Recently we had the pleasure of interviewing graphic designer and water color connoisseur Sasha Prood. Sasha grew up just outside of Philadelphia, Pennsylvania and trained at Carnegie Mellon’s School of Design. She currently resides in a tiny studio apartment in Brooklyn, New York filled to the brim with plants. When it comes to her skill set, she creates typography, illustrations, patterns and graphics using pencil, pen and watercolor with the computer. This wonderful mix of both traditional and non traditional methods not only makes for an outstanding portfolio, it shows the diversity and dedication of this talented graphic designer.
Illustration Division portfolio website: www.illustrationdivision.com/prood
What is the most important aspect of typography?
For me, the most difficult (and often most important) aspect of creating typography tends to be balancing readability and pushing the level of creativity. This is obviously a particularly tricky area when working with clients because getting the message across is their number one priority.
While you are in the process of creating your artwork, what are 3 rules you always follow to maximize results?
Do your research, create clear sketches (especially when working with a client) and have a flexible plan for executing the final art.
A majority of your work is completed with watercolor – what influenced you to work with watercolor?
Throughout high school and college I tried every medium available to me. Several of the mediums felt natural to use and I have stuck with them—one of them is watercolor paint. I also use pencil, pen and the Adobe Creative Suite on a regular basis.
Are there any disadvantages in working with watercolor? What happens if a mistake is made while painting?
The only advantage to using watercolor is the beautiful result you can achieve if you “do it right”. Watercolor is a tricky medium to work in because it is unforgiving. Oftentimes if you mess up, you will have to start over. However, sometimes you can dull the mistake a bit by carefully saturating the area with water and dabbing it with a paper towel. Since most of my work ends up as a digital file, Photoshop retouching is another useful trick. With time and practice, you make less and less mistakes.
You create some awesome patterns – where do you get the inspiration for these patterns? Do they come natural? Do you do a lot of sketches before hand?
The sources of my inspirations vary greatly. I love the organization and sense of simplicity found in geometry. I find science to be inspirational, particularly biology—cells, molecules, etc. I have included animals, vegetables and minerals—anything natural and organic – into much of my work. Things from childhood are also inspirational to me, particularly items with a sense of play and humor. I’m attracted to vintage items, especially ones that are typographic in nature. I’m inspired by everyday “mundane” things that are basic and utilitarian as well as anything that is hand-made. Examples include cultural items such as textiles, ceramics and basket weaving. I am also interested in aspects of black magic and ritual. And on and on!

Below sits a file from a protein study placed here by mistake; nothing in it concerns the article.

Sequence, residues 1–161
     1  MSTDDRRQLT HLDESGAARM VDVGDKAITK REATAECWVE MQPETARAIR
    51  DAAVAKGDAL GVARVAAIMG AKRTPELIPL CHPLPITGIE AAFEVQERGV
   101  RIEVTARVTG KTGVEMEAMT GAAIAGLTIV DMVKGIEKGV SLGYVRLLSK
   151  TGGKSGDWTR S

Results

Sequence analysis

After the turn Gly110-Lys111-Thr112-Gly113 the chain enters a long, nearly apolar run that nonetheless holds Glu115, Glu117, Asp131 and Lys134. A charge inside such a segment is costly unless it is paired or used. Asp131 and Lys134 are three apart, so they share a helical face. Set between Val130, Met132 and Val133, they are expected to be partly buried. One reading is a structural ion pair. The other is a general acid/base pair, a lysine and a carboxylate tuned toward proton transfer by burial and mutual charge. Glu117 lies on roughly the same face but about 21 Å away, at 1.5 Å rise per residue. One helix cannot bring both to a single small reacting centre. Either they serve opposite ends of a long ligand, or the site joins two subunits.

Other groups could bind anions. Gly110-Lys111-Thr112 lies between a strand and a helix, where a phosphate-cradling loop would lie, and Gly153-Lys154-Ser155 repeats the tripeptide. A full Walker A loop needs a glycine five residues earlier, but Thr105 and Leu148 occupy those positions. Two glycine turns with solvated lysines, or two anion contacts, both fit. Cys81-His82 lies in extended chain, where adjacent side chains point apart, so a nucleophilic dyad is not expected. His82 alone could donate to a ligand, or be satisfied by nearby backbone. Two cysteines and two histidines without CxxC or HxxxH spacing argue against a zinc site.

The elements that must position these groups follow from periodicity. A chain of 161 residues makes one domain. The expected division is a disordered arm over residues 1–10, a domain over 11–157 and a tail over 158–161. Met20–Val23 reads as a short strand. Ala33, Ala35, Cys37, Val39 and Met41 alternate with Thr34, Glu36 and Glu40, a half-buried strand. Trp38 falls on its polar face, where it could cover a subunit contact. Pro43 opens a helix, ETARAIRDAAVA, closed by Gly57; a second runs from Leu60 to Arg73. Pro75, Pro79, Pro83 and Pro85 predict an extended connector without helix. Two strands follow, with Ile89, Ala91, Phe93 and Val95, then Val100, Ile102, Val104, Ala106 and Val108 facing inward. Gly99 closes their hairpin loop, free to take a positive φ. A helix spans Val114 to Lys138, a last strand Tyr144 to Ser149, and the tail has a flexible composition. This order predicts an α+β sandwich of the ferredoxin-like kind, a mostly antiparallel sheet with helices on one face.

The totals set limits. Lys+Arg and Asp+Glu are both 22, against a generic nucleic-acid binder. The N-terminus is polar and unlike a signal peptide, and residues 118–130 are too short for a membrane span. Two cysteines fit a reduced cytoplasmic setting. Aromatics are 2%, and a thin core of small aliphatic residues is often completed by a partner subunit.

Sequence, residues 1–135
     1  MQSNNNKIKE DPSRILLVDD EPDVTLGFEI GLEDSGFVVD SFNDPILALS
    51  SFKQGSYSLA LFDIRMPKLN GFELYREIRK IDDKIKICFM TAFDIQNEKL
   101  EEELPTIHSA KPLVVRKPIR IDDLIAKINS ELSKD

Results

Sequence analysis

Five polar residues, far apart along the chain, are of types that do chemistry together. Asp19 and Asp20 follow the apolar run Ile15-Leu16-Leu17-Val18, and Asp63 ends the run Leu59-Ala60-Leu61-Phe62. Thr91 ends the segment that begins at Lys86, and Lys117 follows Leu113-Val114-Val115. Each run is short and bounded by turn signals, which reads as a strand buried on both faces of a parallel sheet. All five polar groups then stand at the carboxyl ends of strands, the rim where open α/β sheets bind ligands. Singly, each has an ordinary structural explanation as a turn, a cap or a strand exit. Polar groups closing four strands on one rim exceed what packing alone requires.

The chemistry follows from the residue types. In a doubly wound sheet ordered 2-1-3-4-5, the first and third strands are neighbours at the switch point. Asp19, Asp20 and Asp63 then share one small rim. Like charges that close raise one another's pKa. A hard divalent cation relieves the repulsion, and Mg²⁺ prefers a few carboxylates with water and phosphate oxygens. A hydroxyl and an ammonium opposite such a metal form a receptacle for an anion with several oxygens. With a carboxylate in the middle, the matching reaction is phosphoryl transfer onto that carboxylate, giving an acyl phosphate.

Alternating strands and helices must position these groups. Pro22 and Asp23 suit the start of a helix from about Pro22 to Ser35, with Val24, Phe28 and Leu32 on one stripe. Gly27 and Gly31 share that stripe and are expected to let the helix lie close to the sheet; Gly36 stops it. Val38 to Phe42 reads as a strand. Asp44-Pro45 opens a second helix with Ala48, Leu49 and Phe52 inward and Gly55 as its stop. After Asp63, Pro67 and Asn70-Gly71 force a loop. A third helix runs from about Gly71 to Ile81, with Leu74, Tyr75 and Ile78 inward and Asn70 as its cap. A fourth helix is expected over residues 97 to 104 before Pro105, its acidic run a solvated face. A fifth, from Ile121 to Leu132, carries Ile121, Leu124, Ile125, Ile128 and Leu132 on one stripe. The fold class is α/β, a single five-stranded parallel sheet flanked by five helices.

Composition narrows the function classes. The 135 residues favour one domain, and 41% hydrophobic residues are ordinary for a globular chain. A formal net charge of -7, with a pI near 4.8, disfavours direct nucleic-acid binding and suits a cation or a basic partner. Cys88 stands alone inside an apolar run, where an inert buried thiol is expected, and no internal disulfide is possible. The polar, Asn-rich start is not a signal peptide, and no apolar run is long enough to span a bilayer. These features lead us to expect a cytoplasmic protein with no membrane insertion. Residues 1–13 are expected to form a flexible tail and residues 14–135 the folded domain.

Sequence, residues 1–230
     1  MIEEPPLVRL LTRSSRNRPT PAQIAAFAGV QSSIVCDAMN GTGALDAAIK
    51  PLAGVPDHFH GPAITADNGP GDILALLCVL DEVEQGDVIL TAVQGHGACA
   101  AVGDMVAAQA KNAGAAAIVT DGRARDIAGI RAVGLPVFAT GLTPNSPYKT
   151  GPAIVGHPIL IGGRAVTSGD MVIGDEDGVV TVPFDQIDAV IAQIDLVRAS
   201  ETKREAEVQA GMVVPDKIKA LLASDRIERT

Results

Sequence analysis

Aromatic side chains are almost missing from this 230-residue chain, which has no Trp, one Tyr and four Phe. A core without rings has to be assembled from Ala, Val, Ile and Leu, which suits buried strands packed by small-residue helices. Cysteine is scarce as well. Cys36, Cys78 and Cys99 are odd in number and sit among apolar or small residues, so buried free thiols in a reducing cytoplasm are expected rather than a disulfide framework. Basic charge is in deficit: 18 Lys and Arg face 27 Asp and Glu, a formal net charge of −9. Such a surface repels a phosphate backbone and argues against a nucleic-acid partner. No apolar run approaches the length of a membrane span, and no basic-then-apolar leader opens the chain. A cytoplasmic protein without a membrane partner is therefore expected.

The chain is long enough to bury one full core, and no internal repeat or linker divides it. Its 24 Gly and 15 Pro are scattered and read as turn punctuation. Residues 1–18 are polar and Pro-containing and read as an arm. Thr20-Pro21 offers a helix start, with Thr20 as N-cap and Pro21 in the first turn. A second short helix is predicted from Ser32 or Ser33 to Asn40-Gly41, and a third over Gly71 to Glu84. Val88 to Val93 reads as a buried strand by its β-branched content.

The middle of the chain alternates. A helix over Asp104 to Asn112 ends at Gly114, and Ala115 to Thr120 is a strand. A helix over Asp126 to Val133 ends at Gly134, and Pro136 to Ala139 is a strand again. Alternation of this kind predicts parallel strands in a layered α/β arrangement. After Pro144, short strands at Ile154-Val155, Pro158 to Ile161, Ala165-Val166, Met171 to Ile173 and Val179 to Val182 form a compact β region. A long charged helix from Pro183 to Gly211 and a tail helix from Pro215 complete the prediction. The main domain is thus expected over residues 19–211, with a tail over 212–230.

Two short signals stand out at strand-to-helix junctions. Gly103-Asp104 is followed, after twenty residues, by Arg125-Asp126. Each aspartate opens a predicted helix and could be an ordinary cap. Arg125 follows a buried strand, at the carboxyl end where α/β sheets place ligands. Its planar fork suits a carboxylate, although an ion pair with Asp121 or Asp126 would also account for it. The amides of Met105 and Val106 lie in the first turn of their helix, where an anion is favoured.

Each piece of my art evolves naturally because it is often an extension of my past work. I don’t try to push myself into creating totally new things. For me, little experiments keep things interesting and tends to grow into fresh ideas organically.
I do a lot of research/sketching/planning before creating any of my work.
Some people struggle to work with typography – what advice would you give them on layout, readability, emphasis and alignment?
I would suggest practicing, experimenting, taking classes and anything else that you can do to discover new ways of approaching typographic challenges.
I’m not a fan of sticking to the rules—I say learn them only so that you can choose when to break them and know why you did so.
Beyond not having to pay to own all of the hottest new typefaces, I’m not sure about advantages—I personally find hand lettering to be more creatively fulfilling.
Over time you get better at balancing everything—it just takes practice.
As an artist, I feel that it is important to find your own unique visual voice and apply it to everything that you do.
Check out the rest of the graphic designer interview series at Smartpress.com.